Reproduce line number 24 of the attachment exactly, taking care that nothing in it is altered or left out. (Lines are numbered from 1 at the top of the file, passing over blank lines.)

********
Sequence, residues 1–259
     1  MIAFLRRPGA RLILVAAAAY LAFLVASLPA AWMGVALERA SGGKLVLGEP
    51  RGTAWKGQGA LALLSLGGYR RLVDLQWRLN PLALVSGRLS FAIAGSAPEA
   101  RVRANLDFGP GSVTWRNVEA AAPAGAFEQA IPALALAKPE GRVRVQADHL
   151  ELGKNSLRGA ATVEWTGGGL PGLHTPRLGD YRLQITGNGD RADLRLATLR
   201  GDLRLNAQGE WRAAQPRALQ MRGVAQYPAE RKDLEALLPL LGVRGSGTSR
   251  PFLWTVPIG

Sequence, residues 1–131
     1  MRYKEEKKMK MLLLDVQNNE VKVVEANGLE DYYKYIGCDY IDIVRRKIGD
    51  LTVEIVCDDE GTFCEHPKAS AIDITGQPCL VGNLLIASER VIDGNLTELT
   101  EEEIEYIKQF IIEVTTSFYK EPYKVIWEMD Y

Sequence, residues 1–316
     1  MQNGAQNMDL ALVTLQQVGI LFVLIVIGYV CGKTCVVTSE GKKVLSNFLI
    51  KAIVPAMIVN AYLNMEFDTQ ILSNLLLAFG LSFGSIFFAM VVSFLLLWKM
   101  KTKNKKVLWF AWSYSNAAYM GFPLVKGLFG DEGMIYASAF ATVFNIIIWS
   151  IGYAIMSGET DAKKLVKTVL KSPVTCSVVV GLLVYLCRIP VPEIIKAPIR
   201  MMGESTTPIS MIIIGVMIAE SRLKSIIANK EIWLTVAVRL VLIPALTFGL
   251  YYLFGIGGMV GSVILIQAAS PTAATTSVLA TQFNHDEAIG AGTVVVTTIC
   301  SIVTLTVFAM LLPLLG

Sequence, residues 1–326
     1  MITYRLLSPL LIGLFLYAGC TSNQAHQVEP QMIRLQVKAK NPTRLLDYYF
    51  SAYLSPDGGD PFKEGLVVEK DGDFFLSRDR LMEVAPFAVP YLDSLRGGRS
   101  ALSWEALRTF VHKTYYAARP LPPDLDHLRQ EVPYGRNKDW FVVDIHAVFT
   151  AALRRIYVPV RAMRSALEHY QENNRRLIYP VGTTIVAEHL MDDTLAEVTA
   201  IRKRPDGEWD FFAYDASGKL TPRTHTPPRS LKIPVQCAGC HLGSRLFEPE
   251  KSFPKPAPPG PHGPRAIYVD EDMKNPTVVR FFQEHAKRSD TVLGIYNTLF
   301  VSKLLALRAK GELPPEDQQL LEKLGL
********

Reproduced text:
   151  AALRRIYVPV RAMRSALEHY QENNRRLIYP VGTTIVAEHL MDDTLAEVTA